Three-quarters of the way up the hill, another group welcomed us with more marigold leis. They held a banner that declared themselves as the “self-help women’s group” – those benefiting from the economic development program made possible through WV sponsorship.
When we rounded the last corner, we saw the rest of the village waiting for us. They’d planned a welcoming reception for us to say thank-you for the impact that WV has had on their community. Every child (about 35) in the village is sponsored by a Canadian, and WV has supplied each household (7) with a concrete tank that collects 8,000 litres of water during the rainy season to provide the valued resource for six months of the year. Although this doesn’t solve the water supply problem year-round, it has provided immense relief to these precious villagers.
They ushered us into a makeshift outdoor meeting area, shaded from the searing sun by a tarp. They gave us seats of honor and again presented us with marigold leis and floral bouquets. A pre-teen girl sang a song she’d written about the value of education, and a toothless grandma stole the show with a song and dance. We were able to say a few words of thanks and encouragement, and then they served us chia and crackers. I estimate that 70 people were present. Some had walked a long distance from surrounding villages for the event. Doing so in this scorching heat was no small effort on their behalf.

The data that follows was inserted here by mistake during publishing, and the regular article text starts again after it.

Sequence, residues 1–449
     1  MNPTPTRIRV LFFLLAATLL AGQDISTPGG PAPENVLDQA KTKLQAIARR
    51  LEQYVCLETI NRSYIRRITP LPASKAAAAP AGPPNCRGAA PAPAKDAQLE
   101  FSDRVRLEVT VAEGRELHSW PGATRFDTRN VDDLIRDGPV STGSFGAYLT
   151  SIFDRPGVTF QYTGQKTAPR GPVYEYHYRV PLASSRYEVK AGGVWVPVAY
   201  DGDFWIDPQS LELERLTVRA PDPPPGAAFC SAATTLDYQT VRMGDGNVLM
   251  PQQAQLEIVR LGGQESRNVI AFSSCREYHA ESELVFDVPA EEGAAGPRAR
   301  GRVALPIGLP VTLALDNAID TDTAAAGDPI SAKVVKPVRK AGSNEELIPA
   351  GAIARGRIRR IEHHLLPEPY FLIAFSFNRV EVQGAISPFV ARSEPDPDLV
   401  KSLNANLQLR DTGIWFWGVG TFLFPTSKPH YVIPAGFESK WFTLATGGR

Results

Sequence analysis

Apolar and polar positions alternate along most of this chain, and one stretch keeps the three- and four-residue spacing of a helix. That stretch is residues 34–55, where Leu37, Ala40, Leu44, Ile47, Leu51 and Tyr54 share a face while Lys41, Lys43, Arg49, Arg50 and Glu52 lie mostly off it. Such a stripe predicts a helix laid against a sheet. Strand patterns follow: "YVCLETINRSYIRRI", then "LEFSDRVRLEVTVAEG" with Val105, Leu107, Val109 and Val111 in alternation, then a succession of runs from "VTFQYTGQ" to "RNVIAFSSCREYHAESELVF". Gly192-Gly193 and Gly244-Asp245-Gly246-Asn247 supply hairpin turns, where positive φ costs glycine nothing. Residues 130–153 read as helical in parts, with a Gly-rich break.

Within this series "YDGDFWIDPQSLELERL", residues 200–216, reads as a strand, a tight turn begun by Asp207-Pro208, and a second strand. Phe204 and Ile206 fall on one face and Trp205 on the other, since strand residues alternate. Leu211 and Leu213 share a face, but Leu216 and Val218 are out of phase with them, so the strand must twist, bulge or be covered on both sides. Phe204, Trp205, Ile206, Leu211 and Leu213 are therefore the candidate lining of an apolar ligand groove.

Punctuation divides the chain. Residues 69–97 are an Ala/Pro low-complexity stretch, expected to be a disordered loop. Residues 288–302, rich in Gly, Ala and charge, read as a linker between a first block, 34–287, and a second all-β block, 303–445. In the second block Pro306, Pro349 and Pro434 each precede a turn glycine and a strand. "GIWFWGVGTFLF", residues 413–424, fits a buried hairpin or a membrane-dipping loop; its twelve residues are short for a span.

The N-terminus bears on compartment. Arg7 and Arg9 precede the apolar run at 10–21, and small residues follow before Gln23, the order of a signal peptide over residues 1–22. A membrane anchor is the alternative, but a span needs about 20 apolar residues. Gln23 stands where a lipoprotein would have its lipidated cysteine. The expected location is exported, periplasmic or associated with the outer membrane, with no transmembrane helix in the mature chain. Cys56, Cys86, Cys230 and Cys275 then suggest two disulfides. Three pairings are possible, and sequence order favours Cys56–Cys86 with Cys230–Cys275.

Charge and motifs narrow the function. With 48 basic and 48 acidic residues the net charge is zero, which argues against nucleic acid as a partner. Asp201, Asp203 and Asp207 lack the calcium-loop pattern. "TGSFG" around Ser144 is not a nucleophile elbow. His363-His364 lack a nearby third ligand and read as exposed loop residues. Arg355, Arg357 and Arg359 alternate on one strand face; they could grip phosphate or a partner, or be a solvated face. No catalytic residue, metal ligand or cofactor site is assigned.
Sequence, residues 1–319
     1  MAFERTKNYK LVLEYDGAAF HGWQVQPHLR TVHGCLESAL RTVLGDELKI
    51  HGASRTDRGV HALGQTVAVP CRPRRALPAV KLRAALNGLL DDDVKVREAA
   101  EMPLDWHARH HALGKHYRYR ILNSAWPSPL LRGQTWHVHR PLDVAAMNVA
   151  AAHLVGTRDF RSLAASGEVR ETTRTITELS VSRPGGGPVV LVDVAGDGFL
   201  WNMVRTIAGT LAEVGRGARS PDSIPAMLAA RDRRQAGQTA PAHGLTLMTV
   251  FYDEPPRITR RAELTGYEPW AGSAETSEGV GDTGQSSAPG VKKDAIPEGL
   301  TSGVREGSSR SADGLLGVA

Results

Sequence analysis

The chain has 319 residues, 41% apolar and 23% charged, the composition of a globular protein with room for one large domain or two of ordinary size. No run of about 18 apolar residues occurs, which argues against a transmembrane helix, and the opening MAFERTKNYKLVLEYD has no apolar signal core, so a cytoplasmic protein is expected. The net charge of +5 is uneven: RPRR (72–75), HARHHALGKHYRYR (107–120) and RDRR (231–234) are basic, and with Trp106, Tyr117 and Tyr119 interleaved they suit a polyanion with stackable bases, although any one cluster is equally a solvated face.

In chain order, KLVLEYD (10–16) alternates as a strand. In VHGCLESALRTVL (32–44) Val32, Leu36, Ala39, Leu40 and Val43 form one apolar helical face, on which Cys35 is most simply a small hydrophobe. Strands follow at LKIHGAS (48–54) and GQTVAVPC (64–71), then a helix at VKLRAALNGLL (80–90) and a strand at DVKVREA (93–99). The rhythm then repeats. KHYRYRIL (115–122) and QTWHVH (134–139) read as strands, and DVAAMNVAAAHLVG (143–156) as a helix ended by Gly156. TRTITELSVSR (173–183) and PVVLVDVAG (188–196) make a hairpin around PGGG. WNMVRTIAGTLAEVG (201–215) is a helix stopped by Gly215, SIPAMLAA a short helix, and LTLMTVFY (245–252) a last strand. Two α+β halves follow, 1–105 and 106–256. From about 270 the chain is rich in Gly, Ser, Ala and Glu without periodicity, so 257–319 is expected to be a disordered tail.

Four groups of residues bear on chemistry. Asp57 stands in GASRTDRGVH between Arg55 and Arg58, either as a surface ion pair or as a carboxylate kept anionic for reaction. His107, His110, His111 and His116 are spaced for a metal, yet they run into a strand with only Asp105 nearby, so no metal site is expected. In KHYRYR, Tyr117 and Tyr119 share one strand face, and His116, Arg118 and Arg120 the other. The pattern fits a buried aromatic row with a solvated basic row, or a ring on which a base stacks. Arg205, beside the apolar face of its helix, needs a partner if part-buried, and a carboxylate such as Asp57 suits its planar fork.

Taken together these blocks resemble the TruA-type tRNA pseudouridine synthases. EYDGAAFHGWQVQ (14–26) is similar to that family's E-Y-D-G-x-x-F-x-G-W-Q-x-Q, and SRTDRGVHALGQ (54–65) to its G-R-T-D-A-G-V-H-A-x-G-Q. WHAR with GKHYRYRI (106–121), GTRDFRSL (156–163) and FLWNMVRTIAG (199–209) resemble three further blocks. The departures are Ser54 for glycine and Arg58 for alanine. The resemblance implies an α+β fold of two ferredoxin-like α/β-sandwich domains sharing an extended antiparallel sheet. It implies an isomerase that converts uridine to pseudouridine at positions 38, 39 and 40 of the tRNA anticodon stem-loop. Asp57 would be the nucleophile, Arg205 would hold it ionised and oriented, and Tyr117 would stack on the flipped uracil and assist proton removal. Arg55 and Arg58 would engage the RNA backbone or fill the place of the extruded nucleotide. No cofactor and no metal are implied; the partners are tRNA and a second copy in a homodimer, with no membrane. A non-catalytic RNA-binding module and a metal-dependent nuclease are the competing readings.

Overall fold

The people’s warmth overwhelmed me. They lack the material possessions that North Americans enjoy, but they’re rich in hospitality and gratitude. They were eager to communicate despite the language barrier, and I enjoyed a good chat with a WV volunteer who helps coordinate the women’s self-help group. She told me that they’ve benefited through the purchase of cows and the subsequent ability to sell the milk for income.
This village’s size and remote location reminded me of our experience in Nepal. It felt like I’d come home to long-lost friends. Again, when departure time came, I found it difficult to say goodbye. In Nepalese I told them the women that they were my “sottees” (friends); the word was close enough to Hindi that they understood. They nodded and smiled and lined up for goodbye hugs. While most stayed on the edge of the village and waved farewell, those from surrounding villages walked the path with us. One by one they eventually veered onto other paths enroute to their own villages, and again we exchanged hugs.
As women, our lives are a universe apart. These gals climb trees to cut leaves as fodder for their livestock. They walk kilometers to collect one or two containers of water for household use. They live miles from the nearest clinic or bazaar where they can buy the simplest staples such as bar soap. They’ll never have a driver’s license, let alone own a car. Despite the differences, we all understand the meaning of friendship. Smiles and hugs transcend language barriers.
A part of my heart remains in rural India.